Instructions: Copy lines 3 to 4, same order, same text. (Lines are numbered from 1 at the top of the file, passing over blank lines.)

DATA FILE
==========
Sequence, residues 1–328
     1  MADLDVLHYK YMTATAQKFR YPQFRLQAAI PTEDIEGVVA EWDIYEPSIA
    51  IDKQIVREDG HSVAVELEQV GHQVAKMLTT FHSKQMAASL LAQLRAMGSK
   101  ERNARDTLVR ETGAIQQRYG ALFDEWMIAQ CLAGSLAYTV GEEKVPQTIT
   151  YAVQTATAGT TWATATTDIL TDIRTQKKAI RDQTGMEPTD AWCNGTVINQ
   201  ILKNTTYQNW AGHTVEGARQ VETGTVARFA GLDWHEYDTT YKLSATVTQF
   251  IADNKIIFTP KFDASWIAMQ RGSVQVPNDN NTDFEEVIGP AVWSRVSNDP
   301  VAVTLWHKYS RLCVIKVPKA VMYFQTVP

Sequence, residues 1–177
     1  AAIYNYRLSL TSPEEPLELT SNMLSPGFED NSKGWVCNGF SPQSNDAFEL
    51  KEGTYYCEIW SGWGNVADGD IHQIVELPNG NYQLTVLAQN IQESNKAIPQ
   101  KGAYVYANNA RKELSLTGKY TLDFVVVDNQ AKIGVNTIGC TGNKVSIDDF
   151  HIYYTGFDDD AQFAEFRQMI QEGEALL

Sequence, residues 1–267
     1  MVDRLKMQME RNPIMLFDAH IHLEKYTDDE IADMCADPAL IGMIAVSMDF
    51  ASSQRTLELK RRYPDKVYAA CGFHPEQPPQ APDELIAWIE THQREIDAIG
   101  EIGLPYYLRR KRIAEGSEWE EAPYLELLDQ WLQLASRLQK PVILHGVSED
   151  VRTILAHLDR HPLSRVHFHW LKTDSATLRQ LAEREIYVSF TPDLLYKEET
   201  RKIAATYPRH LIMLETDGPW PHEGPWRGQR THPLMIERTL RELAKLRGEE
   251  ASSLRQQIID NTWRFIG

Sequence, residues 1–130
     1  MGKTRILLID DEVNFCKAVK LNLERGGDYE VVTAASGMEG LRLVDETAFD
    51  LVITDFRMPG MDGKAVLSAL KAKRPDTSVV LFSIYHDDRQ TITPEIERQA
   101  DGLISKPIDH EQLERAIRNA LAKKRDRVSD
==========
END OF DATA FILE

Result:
    51  IDKQIVREDG HSVAVELEQV GHQVAKMLTT FHSKQMAASL LAQLRAMGSK
   101  ERNARDTLVR ETGAIQQRYG ALFDEWMIAQ CLAGSLAYTV GEEKVPQTIT